James Mallory James is the Community Growth Marketing Specialist for The Farmers' Truck.

How Mobile Markets Can Help End Hunger by 2030

5 min read

At The Farmers’ Truck, we dream big. And it’s with this attitude that the seemingly impossible becomes possible. 

The White House National Strategy has identified mobile produce markets as a solution to end hunger by 2030 and we’re taking action. Looking at statistics of those living with very low food security, we believe an additional 12,000 mobile market programs by 2030 could help eradicate that problem across the country.

This is a lofty goal, but it’s a building block for what we need to do next. 

First, let’s explain our journey to this point and where we have come from.

Be Good by Doing Good

Photo courtesy of The Farmers’ Truck.

Since The Farmers’ Truck came into existence in 2015, we’ve had this strong desire to improve social justice. Our business started with mobile market programs in New Brunswick, Canada. It wasn’t long before we knew this mobile market truck model could be successful in other communities across North America. 

The key to our model was increasing food access in as many communities as possible, while doing it in a sustainable way. This is why we became a social enterprise with the goal of being good by doing good. A social enterprise starts with the social problem itself and then designs a business around that. In this way, the business generates income to support itself and can keep supporting its cause.

Mobile Markets Having A Positive Impact

Photo courtesy of Second Harvest Food Bank of Greater New Orleans and Acadiana.

Since 2018, we’ve empowered many organizations across North America to establish mobile market programs. We’ve learned so much during this short time and our mobile market partners have been excellent teachers. We continue to build on this knowledge with an eye on the bigger picture.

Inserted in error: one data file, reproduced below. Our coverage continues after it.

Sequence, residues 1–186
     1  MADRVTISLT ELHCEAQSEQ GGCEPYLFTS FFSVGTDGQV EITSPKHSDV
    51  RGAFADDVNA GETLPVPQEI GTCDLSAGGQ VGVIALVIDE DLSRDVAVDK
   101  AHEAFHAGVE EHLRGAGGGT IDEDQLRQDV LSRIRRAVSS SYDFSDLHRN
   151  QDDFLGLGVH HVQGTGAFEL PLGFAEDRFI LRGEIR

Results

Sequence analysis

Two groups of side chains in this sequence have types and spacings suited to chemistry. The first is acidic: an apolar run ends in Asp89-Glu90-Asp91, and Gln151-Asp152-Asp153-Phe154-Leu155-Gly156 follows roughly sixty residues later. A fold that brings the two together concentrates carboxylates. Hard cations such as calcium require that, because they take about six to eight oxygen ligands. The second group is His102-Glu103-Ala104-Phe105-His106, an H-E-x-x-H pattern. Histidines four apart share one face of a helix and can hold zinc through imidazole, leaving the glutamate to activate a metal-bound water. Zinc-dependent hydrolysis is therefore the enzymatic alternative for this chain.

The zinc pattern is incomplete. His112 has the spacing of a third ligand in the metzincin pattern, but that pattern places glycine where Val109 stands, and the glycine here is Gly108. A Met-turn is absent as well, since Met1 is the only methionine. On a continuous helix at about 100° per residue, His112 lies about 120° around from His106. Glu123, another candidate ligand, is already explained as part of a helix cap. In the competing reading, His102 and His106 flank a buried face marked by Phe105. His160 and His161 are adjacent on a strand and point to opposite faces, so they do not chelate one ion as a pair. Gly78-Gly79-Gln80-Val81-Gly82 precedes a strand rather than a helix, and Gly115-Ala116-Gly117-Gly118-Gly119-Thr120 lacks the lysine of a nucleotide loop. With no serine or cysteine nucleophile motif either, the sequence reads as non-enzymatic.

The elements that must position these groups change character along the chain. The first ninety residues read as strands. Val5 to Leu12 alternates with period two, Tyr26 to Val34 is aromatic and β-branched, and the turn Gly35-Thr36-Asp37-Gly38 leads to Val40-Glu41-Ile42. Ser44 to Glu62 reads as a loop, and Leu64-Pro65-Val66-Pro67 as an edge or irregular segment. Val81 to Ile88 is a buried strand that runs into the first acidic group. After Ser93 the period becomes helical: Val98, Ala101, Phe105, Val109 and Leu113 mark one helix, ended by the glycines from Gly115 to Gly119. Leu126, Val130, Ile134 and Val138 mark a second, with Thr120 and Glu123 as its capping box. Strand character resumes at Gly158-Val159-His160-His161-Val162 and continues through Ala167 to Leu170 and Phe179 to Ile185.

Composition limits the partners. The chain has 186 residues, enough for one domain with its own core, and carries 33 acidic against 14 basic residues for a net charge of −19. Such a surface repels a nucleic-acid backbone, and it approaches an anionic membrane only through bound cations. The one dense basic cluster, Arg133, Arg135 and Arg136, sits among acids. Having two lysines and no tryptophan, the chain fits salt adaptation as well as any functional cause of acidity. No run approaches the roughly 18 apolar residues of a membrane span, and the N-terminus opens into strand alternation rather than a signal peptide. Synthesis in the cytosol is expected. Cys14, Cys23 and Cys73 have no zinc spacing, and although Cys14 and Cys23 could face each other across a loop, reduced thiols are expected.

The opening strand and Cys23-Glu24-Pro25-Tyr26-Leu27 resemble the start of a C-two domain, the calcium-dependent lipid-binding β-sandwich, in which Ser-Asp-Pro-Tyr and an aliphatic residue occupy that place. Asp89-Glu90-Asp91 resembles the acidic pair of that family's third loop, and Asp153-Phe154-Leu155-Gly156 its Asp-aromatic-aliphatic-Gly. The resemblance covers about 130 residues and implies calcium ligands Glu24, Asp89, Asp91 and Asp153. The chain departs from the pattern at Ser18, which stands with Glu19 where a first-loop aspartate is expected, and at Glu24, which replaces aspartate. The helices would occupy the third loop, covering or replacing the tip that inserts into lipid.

So what are some examples of successful programs we’ve partnered with, you may ask? Well, here are some highlights…

Center For Land-Based Learning (California)

Photo courtesy of the Center For Land-Based Learning.

The Center For Land-Based Learning in Sacramento, CA has a mobile market program through the West Sacramento Urban Farm Program. Urban farms grow fresh produce and bring it directly to people living in food deserts.

The best way to create the most impact for community residents was to bring the food directly to them. So, a mobile market truck was the answer. 

“Having this truck…allow(s) us to go to where people are already going and make accessing that food a much easier process for them,” said Sara Bernal, former Program Manager for the West Sacramento Urban Farm.

The mobile market truck makes stops at senior & affordable housing complexes, where most residents don’t have access to a car.

“Our goal is to get to as many low-income people as possible but all people really need more access to food,” said Sara.

GoFarm (Colorado)

Photo courtesy of GoFarm.

In Colorado, GoFarm is working hard to build a sustainable local food system. Their approach? To strengthen and build on all points of the local food system.

Their mobile farmers’ market is a big part of their success. They found that it’s a great way to reduce many barriers to accessing fresh, healthy food that’s grown right in Colorado. Local farmers have the means to sell their produce, and residents get to enjoy fresh, affordable food at its peak.

“Food is a way in which we’re all connected,” said Jess Soulis, the Community Food Access Program Manager. “Food is so core to all of us.”

“People are really excited about it,” said Jess. “Having the truck, we saw a lot more people driving by and stopping. They’re curious about the truck, what it’s all about, and what GoFarm is up to. I love that people do that.” 

“Chuck the GoFarm Truck,” as their mobile farmers’ market is affectionately called, reached about 400 households in 2021 alone. 

The Open Door (Massachusetts) 

Photo courtesy of The Open Door.

Then, there’s The Open Door mobile market program in Massachusetts. Since starting its mobile farmers’ market truck in 2021, The Open Door has been able to provide another solution to fight food insecurity and hunger in their community. 

The Farmers’ Truck puts our mobile market on wheels and strengthens our capacity to reach people where they gather, live, and learn,” said Julie LaFontaine, President and CEO of The Open Door.

“This kind of food security infrastructure investment connects people to good food and pays big dividends in community health and wellbeing.”